Call it “fuel without fossils”: Jonathan Trent is working on a plan to grow new biofuel by farming micro-algae in floating offshore pods that eat wastewater from cities. Hear his team’s bold vision for Project OMEGA (Offshore Membrane Enclosures for Growing Algae) and how it might power the future.
Not only does Jonathan Trent grow algae for biofuel, he wants to do so by cleansing wastewater and trapping carbon dioxide in the process. And it’s all solar-powered.
Jonathan Trent works at NASA’s nanotechnology department, where he builds microscopic devices out of proteins from extremophiles — bacteria that live in the world’s harshest environments. It isn’t the logical place to start a biofuel project. But in 2008, after watching enzymes chomp through plant cells, Trent started thinking about biofuels. And, because he has a background in marine biology, he started thinking about algae and the oceans.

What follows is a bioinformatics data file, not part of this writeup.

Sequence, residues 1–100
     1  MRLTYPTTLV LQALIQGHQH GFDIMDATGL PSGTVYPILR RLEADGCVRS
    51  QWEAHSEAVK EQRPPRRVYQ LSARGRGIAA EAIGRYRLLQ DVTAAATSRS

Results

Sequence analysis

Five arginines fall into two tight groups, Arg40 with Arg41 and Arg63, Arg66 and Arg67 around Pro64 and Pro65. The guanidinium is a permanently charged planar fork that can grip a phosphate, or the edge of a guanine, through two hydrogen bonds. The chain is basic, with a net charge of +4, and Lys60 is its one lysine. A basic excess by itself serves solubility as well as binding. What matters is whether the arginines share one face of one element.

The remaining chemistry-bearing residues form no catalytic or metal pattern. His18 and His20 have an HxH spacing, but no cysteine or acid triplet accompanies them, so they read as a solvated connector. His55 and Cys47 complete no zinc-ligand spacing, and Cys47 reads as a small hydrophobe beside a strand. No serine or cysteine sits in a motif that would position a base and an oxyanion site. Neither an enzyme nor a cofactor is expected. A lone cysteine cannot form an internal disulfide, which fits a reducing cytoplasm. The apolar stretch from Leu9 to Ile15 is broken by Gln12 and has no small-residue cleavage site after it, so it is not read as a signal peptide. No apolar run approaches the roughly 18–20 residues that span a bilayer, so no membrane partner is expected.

Thus was born OMEGA, or the Offshore Membrane Enclosure for Growing Algae. This technology aims at re-using the wastewater of coastal cities that is currently piped out and disposed into the seas. Fueled by the sun and carbon dioxide from the atmosphere, the algae eat the waste and produce oils that can be converted to fuel. Unlike growing corn for ethanol, OMEGA doesn’t threaten the world’s food supply.